Structural, Functional, and Mutational Analysis of the NblA Protein Provides Insight into Possible Modes of Interaction with the PhycobilisomeDines, M., Sendersky, E., David, L., Schwarz, R., Adir, N.
(2008) J Biol Chem 283: 30330-30340
- PubMed: 18718907
- DOI: 10.1074/jbc.M804241200
- Primary Citation of Related Structures:
2QDO, 2Q8V, 3CS5
- PubMed Abstract:
The enormous macromolecular phycobilisome antenna complex (>4 MDa) in cyanobacteria and red algae undergoes controlled degradation during certain forms of nutrient starvation. The NblA protein (approximately 6 kDa) has been identified as an essential ...
The enormous macromolecular phycobilisome antenna complex (>4 MDa) in cyanobacteria and red algae undergoes controlled degradation during certain forms of nutrient starvation. The NblA protein (approximately 6 kDa) has been identified as an essential component in this process. We have used structural, biochemical, and genetic methods to obtain molecular details on the mode of action of the NblA protein. We have determined the three-dimensional structure of the NblA protein from both the thermophilic cyanobacterium Thermosynechococcus vulcanus and the mesophilic cyanobacterium Synechococcus elongatus sp. PCC 7942. The NblA monomer has a helix-loop-helix motif which dimerizes into an open, four-helical bundle, identical to the previously determined NblA structure from Anabaena. Previous studies indicated that mutations to NblA residues near the C terminus impaired its binding to phycobilisome proteins in vitro, whereas the only mutation known to affect NblA function in vivo is located near the protein N terminus. We performed random mutagenesis of the S. elongatus nblA gene which enabled the identification of four additional amino acids crucial for NblA function in vivo. This data shows that essential amino acids are not confined to the protein termini. We also show that expression of the Anabaena nblA gene complements phycobilisome degradation in an S. elongatus NblA-null mutant despite the low homology between NblAs of these cyanobacteria. We propose that the NblA interacts with the phycobilisome via "structural mimicry" due to similarity in structural motifs found in all phycobiliproteins. This suggestion leads to a new model for the mode of NblA action which involves the entire NblA protein.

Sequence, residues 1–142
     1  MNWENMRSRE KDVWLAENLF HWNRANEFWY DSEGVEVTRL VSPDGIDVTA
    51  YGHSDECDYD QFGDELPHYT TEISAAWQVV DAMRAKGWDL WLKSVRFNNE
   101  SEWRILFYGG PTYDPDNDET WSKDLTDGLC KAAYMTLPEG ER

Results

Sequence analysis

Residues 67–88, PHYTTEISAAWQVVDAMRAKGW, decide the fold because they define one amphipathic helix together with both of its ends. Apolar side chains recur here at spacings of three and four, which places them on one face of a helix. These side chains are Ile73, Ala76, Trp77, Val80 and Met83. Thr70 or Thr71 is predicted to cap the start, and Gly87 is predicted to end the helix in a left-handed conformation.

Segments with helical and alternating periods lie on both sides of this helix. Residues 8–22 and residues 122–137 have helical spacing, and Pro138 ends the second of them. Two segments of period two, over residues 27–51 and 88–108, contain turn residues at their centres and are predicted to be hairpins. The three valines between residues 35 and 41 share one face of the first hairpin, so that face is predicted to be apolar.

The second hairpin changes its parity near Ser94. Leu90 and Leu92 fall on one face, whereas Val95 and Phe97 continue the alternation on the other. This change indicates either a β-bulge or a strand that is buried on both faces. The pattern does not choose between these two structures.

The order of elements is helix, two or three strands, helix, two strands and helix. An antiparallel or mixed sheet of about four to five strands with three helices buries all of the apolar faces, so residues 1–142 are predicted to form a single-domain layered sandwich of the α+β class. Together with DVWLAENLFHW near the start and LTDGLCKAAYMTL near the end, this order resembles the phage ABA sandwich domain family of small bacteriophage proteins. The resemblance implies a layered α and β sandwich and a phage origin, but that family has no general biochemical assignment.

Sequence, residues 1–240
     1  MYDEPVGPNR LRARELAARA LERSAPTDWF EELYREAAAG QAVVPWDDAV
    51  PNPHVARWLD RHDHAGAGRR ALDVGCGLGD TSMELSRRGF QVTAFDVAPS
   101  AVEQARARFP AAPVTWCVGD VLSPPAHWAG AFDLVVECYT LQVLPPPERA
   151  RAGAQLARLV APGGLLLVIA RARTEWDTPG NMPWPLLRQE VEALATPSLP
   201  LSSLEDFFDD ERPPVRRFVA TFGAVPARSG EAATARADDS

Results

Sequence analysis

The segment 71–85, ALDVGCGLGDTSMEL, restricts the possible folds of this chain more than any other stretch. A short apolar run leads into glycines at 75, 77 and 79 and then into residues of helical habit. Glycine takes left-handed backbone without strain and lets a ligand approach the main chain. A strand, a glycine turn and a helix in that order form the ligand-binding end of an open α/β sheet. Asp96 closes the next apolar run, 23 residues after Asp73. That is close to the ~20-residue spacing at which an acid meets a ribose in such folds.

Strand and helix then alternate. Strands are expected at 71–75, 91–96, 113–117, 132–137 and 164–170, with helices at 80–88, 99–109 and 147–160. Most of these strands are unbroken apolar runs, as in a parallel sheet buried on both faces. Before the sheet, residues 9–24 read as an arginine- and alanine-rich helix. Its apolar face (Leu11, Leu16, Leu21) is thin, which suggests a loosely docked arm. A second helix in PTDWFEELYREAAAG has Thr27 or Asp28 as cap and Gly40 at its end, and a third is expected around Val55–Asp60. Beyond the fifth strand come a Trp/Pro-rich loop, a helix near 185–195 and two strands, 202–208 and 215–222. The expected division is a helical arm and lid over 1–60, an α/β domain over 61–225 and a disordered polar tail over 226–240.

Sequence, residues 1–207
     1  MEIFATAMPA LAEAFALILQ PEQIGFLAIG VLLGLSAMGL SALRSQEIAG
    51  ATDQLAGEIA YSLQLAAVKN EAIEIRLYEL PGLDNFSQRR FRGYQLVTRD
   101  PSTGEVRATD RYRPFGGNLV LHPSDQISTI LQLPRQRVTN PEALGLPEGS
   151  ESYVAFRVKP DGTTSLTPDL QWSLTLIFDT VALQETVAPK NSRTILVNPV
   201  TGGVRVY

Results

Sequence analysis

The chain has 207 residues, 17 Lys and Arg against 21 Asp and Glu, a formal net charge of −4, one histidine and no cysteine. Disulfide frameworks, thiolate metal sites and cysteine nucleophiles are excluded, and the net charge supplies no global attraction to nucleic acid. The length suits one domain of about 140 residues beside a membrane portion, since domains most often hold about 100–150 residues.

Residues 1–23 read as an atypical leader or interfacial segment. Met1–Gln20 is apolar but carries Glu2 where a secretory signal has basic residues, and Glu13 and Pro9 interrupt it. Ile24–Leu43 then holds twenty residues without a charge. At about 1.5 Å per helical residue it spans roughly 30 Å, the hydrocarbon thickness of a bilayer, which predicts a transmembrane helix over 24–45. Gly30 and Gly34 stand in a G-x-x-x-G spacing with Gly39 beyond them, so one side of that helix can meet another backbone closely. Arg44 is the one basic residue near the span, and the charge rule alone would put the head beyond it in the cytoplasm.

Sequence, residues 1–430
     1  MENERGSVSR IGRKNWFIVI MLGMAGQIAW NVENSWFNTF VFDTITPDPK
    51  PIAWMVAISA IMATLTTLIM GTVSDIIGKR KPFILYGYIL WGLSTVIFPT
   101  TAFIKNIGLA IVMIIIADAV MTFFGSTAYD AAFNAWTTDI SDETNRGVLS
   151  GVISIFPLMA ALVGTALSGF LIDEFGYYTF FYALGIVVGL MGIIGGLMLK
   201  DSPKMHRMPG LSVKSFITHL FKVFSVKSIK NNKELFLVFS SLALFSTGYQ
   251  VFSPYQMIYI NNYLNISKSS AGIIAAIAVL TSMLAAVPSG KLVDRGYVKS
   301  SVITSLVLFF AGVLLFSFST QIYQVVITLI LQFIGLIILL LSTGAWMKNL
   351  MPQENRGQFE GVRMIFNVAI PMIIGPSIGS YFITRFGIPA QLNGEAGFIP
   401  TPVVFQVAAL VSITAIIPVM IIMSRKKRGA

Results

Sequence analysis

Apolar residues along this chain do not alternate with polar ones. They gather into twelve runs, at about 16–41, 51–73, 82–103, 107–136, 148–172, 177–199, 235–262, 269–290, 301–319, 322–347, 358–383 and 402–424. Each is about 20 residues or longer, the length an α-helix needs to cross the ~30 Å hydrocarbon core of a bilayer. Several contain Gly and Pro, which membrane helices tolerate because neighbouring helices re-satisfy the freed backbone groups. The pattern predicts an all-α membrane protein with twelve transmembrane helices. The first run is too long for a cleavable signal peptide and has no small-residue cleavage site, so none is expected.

Schulich Faculty of Chemistry and Institute of Catalysis, Science, and Technology, Technion-Israel Institute of Technology, Technion City, Haifa 32000, Israel.